The Exile

THE EXILE was the second half of a double-edged 1947 return to movie adventure for Douglas Fairbanks Jr., after years of real life derring-do as a highly decorated naval officer in WW2. Preceded by his costly Technicolor romp as Sinbad the Sailor, this similarly light-hearted, though historically based saga was set not in a mythical 9th-century Middle East, but in the power-playing Holland of 1660. Locales, names and costumes have changed but duty, damsels and dastards are in deed-demand.

The Year of Our Lord, 1660…There dwelt in this house Britain’s wandering young king, Charles Stuart, exiled by the ‘Roundheads’ of the tyrant, Cromwell…Neglected by all–Save a few cavaliers…Forgotten by all–Save his people.”

Charles Stuart (Fairbanks,37) known to history as Charles II, has fled the British Isles for precarious safety in Holland, pursued by agents of Oliver Cromwell, who had executed Stuart’s father, King Charles I of England. Though duty calls, the devil-may-care Charles is smitten by innkeeper and sweet-natured tulip grower ‘Katie’ (Rita Corday) who gives him a place to duck out from Roundhead assassins’. She also puts up with a brief interlude from his former flame, worldly aristocrat Countess Anbella de Courteuil (Maria Montez). As the windmills turn…

You belong to your people, not yourself. You are their memory, their hope, their flag.”

Besides displaying ample dash in the lead, Fairbanks produced the picture & wrote the screenplay. It was the first American film directed by Max Ophüls (billed Opuls), who stages his sequences with a fluidly gliding camera (Franz Planer was lead cinematographer) in the seemingly effortless yet intricate manner that would later grace his superb Letter From An Unknown Woman and The Earrings Of Madame de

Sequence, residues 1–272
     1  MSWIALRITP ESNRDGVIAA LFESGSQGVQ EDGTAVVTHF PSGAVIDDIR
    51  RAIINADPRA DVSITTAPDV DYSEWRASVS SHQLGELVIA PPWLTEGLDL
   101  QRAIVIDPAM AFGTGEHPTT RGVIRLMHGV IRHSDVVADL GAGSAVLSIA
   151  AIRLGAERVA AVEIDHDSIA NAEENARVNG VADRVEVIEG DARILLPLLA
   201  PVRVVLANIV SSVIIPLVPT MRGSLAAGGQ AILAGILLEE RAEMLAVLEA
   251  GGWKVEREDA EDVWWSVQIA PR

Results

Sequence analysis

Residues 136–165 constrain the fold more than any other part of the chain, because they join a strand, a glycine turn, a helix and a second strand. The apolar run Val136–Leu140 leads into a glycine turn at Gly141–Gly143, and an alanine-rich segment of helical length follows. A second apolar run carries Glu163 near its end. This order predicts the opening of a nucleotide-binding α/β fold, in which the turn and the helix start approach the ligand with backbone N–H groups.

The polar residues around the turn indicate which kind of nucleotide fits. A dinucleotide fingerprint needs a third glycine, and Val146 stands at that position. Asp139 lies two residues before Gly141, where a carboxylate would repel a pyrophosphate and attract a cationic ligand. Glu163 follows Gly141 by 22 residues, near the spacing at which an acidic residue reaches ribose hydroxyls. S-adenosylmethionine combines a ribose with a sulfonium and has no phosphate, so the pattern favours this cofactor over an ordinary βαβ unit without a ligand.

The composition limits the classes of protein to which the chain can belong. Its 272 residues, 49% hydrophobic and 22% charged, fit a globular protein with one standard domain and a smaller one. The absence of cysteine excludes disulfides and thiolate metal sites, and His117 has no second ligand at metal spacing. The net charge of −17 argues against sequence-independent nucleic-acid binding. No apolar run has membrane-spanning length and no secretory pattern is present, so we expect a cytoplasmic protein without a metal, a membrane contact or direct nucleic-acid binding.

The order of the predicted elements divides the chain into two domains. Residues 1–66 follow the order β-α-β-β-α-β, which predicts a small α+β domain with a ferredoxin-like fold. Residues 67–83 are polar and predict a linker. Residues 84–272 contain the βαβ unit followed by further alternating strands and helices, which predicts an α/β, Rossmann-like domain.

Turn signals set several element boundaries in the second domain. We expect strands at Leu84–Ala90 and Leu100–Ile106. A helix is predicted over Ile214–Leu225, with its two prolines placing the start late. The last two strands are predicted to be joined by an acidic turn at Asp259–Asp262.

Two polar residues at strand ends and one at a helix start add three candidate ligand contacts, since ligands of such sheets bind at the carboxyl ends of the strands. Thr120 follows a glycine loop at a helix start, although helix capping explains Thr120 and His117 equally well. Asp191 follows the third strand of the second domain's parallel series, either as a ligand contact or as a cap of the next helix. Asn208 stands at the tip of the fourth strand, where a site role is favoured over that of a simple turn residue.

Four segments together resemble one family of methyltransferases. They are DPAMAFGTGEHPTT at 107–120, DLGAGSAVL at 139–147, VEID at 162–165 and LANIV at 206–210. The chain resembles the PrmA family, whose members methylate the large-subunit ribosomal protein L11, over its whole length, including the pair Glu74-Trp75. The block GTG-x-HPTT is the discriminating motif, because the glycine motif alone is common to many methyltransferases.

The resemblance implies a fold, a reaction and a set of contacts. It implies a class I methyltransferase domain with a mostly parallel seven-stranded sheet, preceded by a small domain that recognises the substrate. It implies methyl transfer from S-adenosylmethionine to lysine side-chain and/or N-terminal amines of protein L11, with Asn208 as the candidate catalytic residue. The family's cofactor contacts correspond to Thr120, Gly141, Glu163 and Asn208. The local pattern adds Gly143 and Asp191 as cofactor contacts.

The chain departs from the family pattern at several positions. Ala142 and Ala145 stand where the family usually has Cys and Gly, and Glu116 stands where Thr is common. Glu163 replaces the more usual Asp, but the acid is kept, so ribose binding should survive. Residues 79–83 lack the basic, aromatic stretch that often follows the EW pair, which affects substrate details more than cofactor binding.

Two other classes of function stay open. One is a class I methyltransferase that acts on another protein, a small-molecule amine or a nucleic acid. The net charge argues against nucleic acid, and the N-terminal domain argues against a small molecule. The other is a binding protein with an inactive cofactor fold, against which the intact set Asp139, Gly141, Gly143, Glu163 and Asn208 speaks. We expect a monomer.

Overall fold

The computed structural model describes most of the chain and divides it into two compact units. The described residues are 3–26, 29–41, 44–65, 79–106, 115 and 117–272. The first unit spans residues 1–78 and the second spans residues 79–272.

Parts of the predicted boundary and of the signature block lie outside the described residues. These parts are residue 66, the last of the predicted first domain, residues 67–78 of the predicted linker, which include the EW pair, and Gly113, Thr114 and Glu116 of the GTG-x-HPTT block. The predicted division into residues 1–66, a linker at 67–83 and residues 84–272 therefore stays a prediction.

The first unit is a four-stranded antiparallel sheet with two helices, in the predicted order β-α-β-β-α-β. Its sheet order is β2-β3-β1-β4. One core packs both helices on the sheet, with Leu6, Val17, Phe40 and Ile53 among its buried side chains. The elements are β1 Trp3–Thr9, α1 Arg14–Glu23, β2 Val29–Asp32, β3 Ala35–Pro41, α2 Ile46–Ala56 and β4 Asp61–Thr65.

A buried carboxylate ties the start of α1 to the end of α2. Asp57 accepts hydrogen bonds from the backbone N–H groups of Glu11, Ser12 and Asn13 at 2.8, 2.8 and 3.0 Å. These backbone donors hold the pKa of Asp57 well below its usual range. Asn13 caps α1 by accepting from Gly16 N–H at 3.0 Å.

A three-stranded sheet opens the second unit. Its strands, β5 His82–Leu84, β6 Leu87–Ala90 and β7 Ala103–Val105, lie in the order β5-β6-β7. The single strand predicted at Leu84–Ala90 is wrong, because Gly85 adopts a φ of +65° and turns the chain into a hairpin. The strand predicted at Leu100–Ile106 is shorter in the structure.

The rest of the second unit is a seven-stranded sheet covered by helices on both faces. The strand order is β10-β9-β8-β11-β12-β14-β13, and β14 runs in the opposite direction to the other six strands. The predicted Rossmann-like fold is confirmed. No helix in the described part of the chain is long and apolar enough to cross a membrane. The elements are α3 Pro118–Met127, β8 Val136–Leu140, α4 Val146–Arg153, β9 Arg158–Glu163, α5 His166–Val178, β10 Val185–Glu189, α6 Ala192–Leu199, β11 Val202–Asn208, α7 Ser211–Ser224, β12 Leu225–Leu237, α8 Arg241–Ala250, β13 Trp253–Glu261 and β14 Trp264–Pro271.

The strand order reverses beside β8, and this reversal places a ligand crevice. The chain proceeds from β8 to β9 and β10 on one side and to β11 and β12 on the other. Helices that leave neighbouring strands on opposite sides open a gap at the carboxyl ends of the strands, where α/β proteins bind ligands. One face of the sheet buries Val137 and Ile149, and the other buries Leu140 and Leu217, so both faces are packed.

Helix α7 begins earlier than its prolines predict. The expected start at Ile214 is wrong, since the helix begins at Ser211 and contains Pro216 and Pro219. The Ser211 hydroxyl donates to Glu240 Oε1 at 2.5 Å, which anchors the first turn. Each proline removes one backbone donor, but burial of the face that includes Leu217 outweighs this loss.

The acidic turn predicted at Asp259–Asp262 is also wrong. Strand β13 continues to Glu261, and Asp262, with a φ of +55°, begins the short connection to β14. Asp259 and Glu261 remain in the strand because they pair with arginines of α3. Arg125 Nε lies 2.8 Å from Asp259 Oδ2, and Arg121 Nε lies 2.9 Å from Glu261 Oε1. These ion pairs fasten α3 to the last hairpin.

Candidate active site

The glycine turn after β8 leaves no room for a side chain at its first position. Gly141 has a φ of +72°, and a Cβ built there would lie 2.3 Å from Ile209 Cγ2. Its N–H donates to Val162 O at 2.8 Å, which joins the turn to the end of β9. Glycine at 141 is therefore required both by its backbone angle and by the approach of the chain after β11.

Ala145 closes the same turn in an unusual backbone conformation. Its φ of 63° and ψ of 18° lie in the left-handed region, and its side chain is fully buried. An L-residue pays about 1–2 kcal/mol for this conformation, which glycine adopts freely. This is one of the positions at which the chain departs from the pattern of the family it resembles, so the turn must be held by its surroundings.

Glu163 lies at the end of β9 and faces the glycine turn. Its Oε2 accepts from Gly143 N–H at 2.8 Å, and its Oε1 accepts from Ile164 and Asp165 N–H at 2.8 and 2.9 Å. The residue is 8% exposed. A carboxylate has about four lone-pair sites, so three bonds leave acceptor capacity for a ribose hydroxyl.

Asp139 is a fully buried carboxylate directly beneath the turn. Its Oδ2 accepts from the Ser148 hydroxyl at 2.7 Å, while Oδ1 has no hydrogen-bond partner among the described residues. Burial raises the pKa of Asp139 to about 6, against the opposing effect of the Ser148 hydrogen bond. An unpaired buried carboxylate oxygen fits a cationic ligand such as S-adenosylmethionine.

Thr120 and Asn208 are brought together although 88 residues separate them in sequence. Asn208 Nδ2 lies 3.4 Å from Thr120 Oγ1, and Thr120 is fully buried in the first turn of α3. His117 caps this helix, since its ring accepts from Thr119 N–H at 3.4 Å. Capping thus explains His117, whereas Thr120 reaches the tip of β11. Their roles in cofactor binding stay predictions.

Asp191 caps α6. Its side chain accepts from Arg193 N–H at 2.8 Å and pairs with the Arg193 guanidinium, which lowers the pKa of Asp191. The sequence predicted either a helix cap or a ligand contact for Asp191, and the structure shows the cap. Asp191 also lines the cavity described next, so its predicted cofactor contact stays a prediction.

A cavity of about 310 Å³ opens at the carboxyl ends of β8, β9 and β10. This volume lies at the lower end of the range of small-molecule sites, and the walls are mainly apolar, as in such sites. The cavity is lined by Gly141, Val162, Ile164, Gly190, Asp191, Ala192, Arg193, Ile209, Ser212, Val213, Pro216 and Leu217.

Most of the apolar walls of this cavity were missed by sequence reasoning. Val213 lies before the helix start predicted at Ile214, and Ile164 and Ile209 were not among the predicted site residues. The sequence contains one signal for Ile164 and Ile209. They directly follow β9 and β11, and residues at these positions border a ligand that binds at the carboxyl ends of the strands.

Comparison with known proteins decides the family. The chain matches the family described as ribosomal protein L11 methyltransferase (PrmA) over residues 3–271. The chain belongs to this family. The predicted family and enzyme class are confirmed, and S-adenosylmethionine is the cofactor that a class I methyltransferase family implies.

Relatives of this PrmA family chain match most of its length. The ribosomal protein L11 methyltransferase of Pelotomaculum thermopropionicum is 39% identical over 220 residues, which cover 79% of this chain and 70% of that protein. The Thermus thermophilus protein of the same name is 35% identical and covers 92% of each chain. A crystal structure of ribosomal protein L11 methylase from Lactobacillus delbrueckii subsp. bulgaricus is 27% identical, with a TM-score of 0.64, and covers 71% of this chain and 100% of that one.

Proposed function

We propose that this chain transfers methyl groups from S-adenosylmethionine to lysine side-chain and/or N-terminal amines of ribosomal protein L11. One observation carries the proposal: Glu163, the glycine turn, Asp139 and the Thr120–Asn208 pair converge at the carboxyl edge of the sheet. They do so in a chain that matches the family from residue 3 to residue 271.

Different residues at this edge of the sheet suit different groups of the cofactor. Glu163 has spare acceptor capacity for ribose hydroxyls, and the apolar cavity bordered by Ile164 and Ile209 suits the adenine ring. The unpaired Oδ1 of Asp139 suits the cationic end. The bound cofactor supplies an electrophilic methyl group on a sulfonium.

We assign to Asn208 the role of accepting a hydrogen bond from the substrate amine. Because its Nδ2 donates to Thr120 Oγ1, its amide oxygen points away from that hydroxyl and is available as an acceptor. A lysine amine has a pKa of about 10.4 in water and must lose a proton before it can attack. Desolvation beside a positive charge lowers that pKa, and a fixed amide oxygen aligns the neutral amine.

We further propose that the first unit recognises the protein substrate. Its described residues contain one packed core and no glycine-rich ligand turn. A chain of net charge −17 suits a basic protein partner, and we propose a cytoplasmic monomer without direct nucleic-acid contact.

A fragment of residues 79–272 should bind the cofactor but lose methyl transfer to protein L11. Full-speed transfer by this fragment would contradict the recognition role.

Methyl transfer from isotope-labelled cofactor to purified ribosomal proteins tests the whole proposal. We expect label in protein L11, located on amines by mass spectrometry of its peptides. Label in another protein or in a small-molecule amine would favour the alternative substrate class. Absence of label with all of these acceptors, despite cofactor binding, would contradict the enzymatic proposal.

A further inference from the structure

On the surface a swashbuckler, under Ophüls direction it delves a bit deeper than was usual for the genre, with an affecting dramatic finale. Attention to detail is key ($1,774,990 was expended), with the elaborate stylized sets designed by Broadway veteran Howard Bay (art direction credited to Hilyard Brown and Bernard Herzbrun) beautifully lensed by cameraman Planer and the uncredited Hal Mohr. Nicely undercoated with a zestful score from Universal’s prolific Frank Skinner. **

Exciting swordplay eventually arrives, with Fairbanks facing off against dourly venomous Henry Daniell. Rita Corday (“introduced” as Paule Croset, despite having already appeared in 18 pictures over four years) is charming, while Montez, despite contractually commanding top billing, has what is just an amusing cameo. Nigel Bruce provides additional heart as Charles’ loyal advisor.

Fairbanks: “It should have been done in color but we ran out of money and Universal forced Maria Montez on us. But I love it.” A suit from Montez over her billing ended up costing Fairbanks production company $250,000. Grosses lagged (one source claims a lowball $600,000), and despite style and effort it only claimed 171st place in 1947, bested by the color and spectacle of epics like Unconquered, Forever Amber and Captain From Castile.

95 minutes, with Robert Coote and Otto Waldis.

* Fairbanks screenplay was based off “His Majesty, the King: A Romantic Love Chase of the Seventeenth Century a 1926 novel by Cosmo Hamilton. Charles II has been a popular ruler for movies to fancy with. The same year as The Exile, he showed up in the hit Forever Amber, played there by George Sanders. Look for his Lordship in Restoration (Sam Neill), The King’s Thief (Sanders again), The Moonraker (Gary Raymond), The Libertine (John Malkovich), The Lady And The Highwayman (Michael York) and Stage Beauty (Rupert Everett)

** Designer Howard Bay: “This is not a realistic set, but a romantic one fashioned to fit the mood of the story. We aimed at the picturesque rather than scenes from the workaday world; the exaggeration is deliberate.”

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